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Monday, June 17, 2013

Thank You New Jersey SCBWI - 19 Reasons to Attend the New Jersey SCBWI Annual Conference



Dave Amaditz

1) An unbelievably friendly and helpful staff - beginning with Leeza Hernandez, regional advisor, as seen here giving the welcoming address on Saturday, June 8, 2013
Leeza Hernandez

2) An amazing, kind and welcoming membership that made me feel, as a first-time attendee to their conference, like I'd always been part of the group.

3) The ability to communicate with talented writers who have won numerous awards, such as Ame Dyckman, winner of this year's crystal kite award.

4) Access to agents, such as my one-on-one critique mentor, Stephen Barbara, from Foundry Literary. Other mentors that I had the privilege to sit with at lunch, Louise Fury of the L. Perkins Agency and Jessica Regel of the Jean V. Naggar Literary Agency Inc. All were pleasures to speak with, and all, a wealth of information.

5) Access to editors, such as Connie Hsu, from Little Brown Books. I enjoyed finally being able to meet her in person, after not being able to attend the spring retreat hosted by WPA SCBWI in 2011 because I'd taken ill. Jenn Abramowitz, Senior Editor, Scholastic was also there, as was Melissa Faulner, Editorial Assistant, Abrams, and many others.

6) Fantastic and up-to-date sessions -some of my favorites, listed below.

7) Sitting in on a wonderful session by Kathy Temean. Her tips for how to market yourself before you have sold your book, after you have signed a contract, four months to launch, one month prior and launch date were fantastic. There's no doubt I'll use each and every one of them should I be fortunate enough to land a contract.

8) Sitting in on book trailer session by Kim McDougall. Wow! I knew I'd watched some good trailers and some that were awfully bad, but I never knew everything that went into making the really good ones. I'll use all of her fantastic tips.

9) Blueprinting a novel by Wendy Mass. She gave a super interesting approach to outlining a novel. She made it sound so easy, and although I've never had success with outlining before, the whole idea made me think that it might be worth a try.

1 0) Battling your inner censor with Jen Hubbard and Kit Grindstaff. All of us have had scenes we had difficulty writing, some more so than others. We received a few strategies, among them visualization, to help us push through the block.

11) Online registration. It may sound so simple, but the process of registering via computer was made so simple. Paperless. Effortless. Thanks. I hope we soon implement something similar to this with my local chapter.

12) Early registration. I received my initial e-mail on March 10. The preplanning for this conference was fantastic, one of the reasons, I believe, for its success.

13) The ability to select agents you wish to meet. A list of agents willing to give critiques were made available. Applicants were taken on a first-come, first-serve basis, and because I registered early enough, I was able to get the one-on-one critique from my agent of choice.

14) Electronic submissions for all manuscripts needing to be reviewed and a cut-off date for uploading the documents. This gave ample time for the editor or agent to thoroughly review your material. By the way, it was made quite clear, that if you were late uploading the document your timeslot would be lost. Very fair, indeed.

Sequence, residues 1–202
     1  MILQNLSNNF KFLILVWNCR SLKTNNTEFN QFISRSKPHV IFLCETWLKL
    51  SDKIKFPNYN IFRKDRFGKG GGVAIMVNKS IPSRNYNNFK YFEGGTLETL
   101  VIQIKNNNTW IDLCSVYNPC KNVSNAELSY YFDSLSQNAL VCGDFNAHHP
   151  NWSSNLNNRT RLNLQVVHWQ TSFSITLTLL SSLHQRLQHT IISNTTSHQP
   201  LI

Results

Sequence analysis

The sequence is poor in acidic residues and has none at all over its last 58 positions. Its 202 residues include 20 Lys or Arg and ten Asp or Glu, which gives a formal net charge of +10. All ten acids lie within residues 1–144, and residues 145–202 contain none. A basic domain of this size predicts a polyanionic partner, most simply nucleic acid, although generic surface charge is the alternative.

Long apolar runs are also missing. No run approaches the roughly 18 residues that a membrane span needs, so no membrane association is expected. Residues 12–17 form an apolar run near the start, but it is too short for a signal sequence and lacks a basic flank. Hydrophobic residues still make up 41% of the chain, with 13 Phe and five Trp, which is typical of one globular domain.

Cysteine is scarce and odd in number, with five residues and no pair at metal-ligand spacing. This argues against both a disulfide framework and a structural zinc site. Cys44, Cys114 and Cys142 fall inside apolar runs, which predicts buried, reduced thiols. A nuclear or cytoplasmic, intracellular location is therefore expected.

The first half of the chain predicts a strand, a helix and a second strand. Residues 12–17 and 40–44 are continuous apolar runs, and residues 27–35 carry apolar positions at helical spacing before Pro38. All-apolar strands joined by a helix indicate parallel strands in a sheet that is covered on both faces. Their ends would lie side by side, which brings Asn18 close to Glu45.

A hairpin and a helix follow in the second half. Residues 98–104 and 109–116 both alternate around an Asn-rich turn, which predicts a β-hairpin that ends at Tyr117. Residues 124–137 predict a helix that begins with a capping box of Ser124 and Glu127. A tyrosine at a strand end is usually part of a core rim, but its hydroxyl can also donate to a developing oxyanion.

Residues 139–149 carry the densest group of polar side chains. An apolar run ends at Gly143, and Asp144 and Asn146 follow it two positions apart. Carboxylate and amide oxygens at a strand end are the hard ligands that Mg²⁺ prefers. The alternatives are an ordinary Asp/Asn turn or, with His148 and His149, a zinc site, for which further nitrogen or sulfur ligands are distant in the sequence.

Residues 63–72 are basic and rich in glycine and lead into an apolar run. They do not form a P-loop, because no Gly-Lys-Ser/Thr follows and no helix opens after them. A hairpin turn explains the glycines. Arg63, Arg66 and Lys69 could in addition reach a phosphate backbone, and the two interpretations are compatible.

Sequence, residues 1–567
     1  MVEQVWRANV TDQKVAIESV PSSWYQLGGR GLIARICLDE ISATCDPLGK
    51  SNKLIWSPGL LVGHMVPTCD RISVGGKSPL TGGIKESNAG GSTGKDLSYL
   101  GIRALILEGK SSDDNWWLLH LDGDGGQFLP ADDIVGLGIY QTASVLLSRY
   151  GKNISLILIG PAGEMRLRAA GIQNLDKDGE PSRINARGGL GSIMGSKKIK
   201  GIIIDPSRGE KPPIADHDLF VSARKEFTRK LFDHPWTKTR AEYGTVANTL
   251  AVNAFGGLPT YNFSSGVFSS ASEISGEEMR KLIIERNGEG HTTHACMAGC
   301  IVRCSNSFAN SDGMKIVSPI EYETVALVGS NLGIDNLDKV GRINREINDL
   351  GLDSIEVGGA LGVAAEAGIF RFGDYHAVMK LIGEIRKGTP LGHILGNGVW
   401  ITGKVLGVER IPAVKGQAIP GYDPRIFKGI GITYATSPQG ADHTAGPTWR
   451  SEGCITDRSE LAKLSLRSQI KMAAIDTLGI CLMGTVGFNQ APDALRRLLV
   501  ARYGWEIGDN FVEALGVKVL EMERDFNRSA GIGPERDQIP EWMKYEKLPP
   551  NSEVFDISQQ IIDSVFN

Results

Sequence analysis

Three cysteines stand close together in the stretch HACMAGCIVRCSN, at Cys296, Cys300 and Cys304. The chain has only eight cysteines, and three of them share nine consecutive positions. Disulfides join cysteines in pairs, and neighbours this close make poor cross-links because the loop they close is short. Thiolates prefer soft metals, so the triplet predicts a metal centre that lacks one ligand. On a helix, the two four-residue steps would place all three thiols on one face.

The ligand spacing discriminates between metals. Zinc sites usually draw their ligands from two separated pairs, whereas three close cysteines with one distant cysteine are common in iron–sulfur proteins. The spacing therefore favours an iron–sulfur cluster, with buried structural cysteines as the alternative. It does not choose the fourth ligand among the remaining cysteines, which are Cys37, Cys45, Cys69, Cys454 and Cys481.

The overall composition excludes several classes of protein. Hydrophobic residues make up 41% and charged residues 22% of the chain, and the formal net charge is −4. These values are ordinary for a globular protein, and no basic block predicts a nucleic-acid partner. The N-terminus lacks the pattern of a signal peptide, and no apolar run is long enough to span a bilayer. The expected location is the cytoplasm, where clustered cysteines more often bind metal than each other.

15) Dining arrangements - Editors and agents were seated at various dining tables. All attendees had the option, especially if they registered early enough, to choose the table where they wished to sit. Once again, early registration allowed me to sit with my agents of choice. I learned a heck of a lot about the business while enjoying a couple fantastic meals.

16) Critique groups. Peer critique groups were made available to those who wished to participate. I knew I would've run out of energy, so I didn't sign up for those, but I understand from other attendees that they were fantastic.

17) First page sessions. Editors and agents listened to first pages, which we know are the most important part of the manuscript.

18) Fantastic keynote speakers - Peter Brown, author illustrator - Tara Lazar, (seen here during her keynote speech) picture book author - Lauren Oliver, New York Times best-selling author. All three gave uplifting speeches. My notebook is full of their words of wisdom.
Tara Lazar
19) A large chapter with a hometown feel - This is what impressed me the most. The entire process was run with business-like precision, and even though this chapter boasts a large membership, which could lend to the process being impersonalized, I was made to feel as comfortable as if I were in my own hometown. I never felt isolated or out of place even though I traveled nearly 400 miles to attend and had never met any of the members.

The bottom line is: I was promised by two of my Route 19 fellow writers, Marcy Collier and Kitty Griffin, that I would have an amazing experience if I attended the June 7-9, 2013, New Jersey SCBWI conference.

Wow! Promises kept.

Now, just like them, I recommend this conference to anyone looking for a fantastic learning experience with a fantastic group of people. And... I plan to join them again next year.


  1. Dave, sounds like you had a fabulous time! But then, we told you it would be terrific. So glad you had this opportunity. I've been to the big NYC SCBWI conference and I really think the NJ tops it. What could be better than having dozens and dozens of agents and editors trapped in one building! Ha ha.

  2. Dave, I'm so glad to hear that you had a great time - we knew you would! The NJ conference is one of the best! Thanks for sharing your experience.

  3. It was an amazing experience, Kitty and Marcy, which is why I wanted to let others who might read this know what is at their fingertips should they choose to attend.